There are really two separate questions at work here, one involving ordinary crime and the other involving public spectacles like the one in Florida. When it comes to workaday violent crime, there is room for meaningful gun control — which means prosecuting violent criminals and their enablers rather than harassing hobbyists down at the local gun store. In city after city, the data show that homicides overwhelmingly are committed by people with prior police records, often involving violent crime committed with firearms. In New York City, about 90 percent of the homicides are committed by people with prior records, according to a New York Times survey of police records. Like the killer in Florida, they don’t just come out of nowhere. Dealing with that means most vigorously prosecuting violent crimes short of homicide as well as doing the very hard work of improving the parole and probation systems. It also means following up on prosecutions in straw-buyer cases, something that both local and federal authorities have neglected to do — often as a matter of policy, as in the case of the U.S. attorney’s office in Chicago. Forgive the shopworn phrase, but we really ought to at least try enforcing the laws on the books before we go passing burdensome new ones.
As for homicidal spectaculars like the one in Florida, additional gun-control measures are unlikely to prove effective. (It’s worth keeping in mind that two of the worst of those massacres — at Bath, Mich., and Oklahoma City — involved no firearms at all.) But that does not mean that nothing can be done. Our police and mental-health authorities, including the fumbling FBI, are not performing as well as they should be. Many of these cases could have been prevented well before the bullets started flying. Perhaps the gentlemen at the FBI could be persuaded to pick up a phone from time to time in cases such as these. Omar Mateen, Nidal Hasan, Adam Lanza, Sayfullo Saipov — none of these men simply stepped out of the shadows. We already have in place protocols for placing people in temporary custody when they are judged likely to be a danger to themselves or others. But we cannot make use of those powers if the relevant law-enforcement and mental-health authorities are unable or unwilling to intervene.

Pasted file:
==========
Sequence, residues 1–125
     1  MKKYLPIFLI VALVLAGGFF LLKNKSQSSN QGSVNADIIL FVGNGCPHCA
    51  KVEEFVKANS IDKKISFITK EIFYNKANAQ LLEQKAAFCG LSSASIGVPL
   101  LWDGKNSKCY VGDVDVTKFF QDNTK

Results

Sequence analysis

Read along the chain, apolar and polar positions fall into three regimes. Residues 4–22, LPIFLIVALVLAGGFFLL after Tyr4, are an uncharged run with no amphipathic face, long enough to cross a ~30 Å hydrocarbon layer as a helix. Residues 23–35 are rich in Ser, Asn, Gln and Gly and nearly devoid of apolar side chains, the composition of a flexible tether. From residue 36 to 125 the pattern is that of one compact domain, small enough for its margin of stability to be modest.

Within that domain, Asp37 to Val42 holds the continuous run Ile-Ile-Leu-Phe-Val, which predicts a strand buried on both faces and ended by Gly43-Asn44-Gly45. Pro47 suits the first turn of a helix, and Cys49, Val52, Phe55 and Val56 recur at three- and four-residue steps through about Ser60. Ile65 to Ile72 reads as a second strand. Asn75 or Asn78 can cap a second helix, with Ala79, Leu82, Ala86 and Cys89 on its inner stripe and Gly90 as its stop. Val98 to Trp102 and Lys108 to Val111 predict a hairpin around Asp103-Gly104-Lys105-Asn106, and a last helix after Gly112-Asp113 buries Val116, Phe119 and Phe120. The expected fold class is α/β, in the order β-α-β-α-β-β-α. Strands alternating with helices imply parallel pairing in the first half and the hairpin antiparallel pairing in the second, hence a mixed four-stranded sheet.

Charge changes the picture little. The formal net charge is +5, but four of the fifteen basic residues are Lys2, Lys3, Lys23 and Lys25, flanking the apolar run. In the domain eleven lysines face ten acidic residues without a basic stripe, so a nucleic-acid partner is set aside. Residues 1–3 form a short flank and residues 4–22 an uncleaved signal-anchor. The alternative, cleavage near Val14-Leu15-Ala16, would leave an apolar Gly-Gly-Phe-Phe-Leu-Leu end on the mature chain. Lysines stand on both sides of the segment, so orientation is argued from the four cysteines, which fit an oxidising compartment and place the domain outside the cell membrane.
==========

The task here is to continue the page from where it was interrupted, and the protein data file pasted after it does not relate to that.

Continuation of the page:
Beyond that, defensive measures are called for. Schools are targets and we should treat them as such, with better gatekeeping and, if necessary, armed guards. We wish it were not the case, but wishful thinking isn’t enough. We also can do more with venue security, especially for wide-open events such as that concert in Las Vegas.
There are many distinct kinds of violent crime. The drug murders on Chicago street corners are phenomena distinct from the killings in high schools and other public places, with different patterns of behavior, different kinds of perpetrators, different kinds of weapons, different motives, etc. The desire for a simple — “common-sense” — solution to these horrifying crimes is easy to understand. But it is stupid and dishonest to pretend that changing the rules for private transactions at gun shows is going to stop that, or that similar measures are likely to have any meaningful effect at all. Policing criminals is harder work than policing the legal commerce of federally licensed firearms dealers, but it is the work that we are paying for, and the work that we need done.